Postmenopausal women who take combination estrogen-plus-progestin hormone-replacement therapy for one year experience a twofold increase in breast density – a known risk factor for breast cancer – and a quadrupled risk of having an abnormal mammogram, according to new findings from a sub-study of the Womens Health Initiative, or WHI.
Lead investigator Anne McTiernan, M.D., Ph.D., of Fred Hutchinson Cancer Research Center, presented these findings today at the third annual International Conference on Frontiers in Cancer Prevention Research hosted by the American Association for Cancer Research. "I was surprised by the magnitude of the effect – the doubling of breast density associated with combination-hormone therapy," said McTiernan, a member of Fred Hutchinsons Public Health Sciences Division and lead physician of the WHI Clinical Coordinating Center, which is based at Fred Hutchinson.
The effect of HRT on breast density remained consistent throughout the two-year study period and was similar across ethnic and racial groups. The impact was particularly pronounced among women in the highest age bracket; those between 70 and 79 experienced a nearly threefold increase in breast density as compared to younger women, presumably because their breast tissue was less dense to begin with, McTiernan said. "These findings are unique in showing a sustained effect over two years and that even in older postmenpausal women breast density can increase in response to estrogen-plus-progestin therapy," McTiernan said.
Warren Froelich | EurekAlert!
The end of pneumonia? New vaccine offers hope
23.10.2017 | University at Buffalo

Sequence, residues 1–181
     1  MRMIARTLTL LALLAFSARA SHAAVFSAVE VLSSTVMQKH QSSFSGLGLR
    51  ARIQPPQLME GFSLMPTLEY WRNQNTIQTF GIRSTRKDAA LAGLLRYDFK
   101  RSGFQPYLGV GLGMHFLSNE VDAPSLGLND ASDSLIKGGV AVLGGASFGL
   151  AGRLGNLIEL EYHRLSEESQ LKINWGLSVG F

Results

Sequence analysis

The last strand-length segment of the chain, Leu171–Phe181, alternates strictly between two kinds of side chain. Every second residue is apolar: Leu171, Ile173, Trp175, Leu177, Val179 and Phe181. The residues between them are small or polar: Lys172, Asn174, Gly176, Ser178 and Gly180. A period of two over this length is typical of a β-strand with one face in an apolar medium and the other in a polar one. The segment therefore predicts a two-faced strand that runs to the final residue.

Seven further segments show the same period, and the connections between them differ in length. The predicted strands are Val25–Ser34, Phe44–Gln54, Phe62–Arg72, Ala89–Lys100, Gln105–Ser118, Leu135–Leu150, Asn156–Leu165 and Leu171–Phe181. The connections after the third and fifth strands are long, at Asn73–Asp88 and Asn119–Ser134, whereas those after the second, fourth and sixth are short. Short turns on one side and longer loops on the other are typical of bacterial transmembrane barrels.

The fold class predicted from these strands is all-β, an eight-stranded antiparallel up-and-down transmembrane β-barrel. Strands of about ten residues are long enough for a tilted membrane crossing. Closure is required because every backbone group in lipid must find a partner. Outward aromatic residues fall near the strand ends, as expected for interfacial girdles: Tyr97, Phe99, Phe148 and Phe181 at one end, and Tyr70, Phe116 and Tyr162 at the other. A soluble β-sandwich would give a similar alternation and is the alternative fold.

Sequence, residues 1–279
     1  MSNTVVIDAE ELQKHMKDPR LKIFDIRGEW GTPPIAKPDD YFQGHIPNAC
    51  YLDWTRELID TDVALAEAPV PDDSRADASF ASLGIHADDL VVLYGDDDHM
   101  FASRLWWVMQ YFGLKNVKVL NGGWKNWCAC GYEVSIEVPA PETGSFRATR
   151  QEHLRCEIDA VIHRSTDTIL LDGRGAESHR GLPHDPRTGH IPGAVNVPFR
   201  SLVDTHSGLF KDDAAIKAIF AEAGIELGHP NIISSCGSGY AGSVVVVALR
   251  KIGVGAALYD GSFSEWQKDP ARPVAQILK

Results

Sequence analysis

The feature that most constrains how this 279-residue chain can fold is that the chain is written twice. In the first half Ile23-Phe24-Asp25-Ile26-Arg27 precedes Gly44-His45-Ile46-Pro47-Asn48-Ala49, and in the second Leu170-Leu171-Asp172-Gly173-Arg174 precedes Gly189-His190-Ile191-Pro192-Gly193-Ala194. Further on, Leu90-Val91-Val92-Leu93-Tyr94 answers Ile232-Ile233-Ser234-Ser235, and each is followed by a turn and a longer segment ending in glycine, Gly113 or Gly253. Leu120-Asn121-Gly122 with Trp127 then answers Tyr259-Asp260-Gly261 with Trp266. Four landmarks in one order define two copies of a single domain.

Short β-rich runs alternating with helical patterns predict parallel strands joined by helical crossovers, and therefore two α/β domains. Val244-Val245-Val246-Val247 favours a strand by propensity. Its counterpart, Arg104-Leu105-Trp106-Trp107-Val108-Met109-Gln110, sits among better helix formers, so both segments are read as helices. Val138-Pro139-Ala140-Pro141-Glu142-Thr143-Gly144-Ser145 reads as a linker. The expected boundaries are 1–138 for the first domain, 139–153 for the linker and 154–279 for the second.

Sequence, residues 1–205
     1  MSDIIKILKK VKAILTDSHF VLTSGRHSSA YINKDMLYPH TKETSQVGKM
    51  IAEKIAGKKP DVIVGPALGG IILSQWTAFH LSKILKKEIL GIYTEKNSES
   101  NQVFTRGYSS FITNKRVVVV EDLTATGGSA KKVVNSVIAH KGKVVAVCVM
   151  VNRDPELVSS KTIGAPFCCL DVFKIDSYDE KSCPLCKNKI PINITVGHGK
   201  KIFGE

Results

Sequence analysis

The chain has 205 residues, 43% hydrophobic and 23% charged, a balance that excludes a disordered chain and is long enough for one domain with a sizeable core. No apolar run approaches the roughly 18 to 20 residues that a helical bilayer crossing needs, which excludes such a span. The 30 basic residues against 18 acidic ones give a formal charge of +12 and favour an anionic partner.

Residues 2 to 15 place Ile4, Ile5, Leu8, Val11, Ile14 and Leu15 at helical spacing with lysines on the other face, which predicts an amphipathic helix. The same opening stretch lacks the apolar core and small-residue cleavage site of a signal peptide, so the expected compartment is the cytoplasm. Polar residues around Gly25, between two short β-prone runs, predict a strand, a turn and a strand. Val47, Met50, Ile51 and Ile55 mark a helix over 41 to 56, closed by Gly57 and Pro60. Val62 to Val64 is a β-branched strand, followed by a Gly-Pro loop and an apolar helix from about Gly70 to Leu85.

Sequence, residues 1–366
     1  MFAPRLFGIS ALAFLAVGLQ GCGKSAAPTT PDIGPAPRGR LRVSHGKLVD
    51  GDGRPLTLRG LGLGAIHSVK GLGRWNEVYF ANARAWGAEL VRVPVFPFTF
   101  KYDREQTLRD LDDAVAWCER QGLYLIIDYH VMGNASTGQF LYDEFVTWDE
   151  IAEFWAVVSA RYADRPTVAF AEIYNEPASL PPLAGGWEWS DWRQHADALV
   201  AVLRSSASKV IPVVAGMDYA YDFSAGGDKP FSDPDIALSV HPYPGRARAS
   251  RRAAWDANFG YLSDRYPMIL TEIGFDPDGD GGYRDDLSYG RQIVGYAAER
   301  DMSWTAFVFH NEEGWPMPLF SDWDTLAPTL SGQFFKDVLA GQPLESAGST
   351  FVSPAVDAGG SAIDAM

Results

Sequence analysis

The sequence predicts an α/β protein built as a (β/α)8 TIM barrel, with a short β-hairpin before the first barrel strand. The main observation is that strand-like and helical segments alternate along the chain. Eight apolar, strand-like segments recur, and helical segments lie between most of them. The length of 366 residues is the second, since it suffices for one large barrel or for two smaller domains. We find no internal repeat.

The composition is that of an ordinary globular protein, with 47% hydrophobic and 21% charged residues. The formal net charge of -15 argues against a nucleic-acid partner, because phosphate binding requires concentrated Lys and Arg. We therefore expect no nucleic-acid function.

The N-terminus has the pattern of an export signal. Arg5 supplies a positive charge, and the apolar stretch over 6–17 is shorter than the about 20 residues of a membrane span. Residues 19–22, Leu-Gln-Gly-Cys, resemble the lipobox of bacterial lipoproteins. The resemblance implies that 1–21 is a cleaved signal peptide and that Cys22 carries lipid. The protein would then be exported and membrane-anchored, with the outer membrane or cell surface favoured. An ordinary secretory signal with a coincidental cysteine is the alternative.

Scientists track ovarian cancers to site of origin: Fallopian tubes
23.10.2017 | Johns Hopkins Medicine
Salmonellae are dangerous pathogens that enter the body via contaminated food and can cause severe infections. But these bacteria are also known to target...
University of Maryland researchers contribute to historic detection of gravitational waves and light created by event
On August 17, 2017, at 12:41:04 UTC, scientists made the first direct observation of a merger between two neutron stars--the dense, collapsed cores that remain...
Seven new papers describe the first-ever detection of light from a gravitational wave source. The event, caused by two neutron stars colliding and merging together, was dubbed GW170817 because it sent ripples through space-time that reached Earth on 2017 August 17. Around the world, hundreds of excited astronomers mobilized quickly and were able to observe the event using numerous telescopes, providing a wealth of new data.
Previous detections of gravitational waves have all involved the merger of two black holes, a feat that won the 2017 Nobel Prize in Physics earlier this month....
Material defects in end products can quickly result in failures in many areas of industry, and have a massive impact on the safe use of their products. This is why, in the field of quality assurance, intelligent, nondestructive sensor systems play a key role. They allow testing components and parts in a rapid and cost-efficient manner without destroying the actual product or changing its surface. Experts from the Fraunhofer IZFP in Saarbrücken will be presenting two exhibits at the Blechexpo in Stuttgart from 7–10 November 2017 that allow fast, reliable, and automated characterization of materials and detection of defects (Hall 5, Booth 5306).
When quality testing uses time-consuming destructive test methods, it can result in enormous costs due to damaging or destroying the products. And given that...
Using a new cooling technique MPQ scientists succeed at observing collisions in a dense beam of cold and slow dipolar molecules.
How do chemical reactions proceed at extremely low temperatures? The answer requires the investigation of molecular samples that are cold, dense, and slow at...
23.10.2017 | Event News
17.10.2017 | Event News
10.10.2017 | Event News
23.10.2017 | Life Sciences
23.10.2017 | Physics and Astronomy
23.10.2017 | Health and Medicine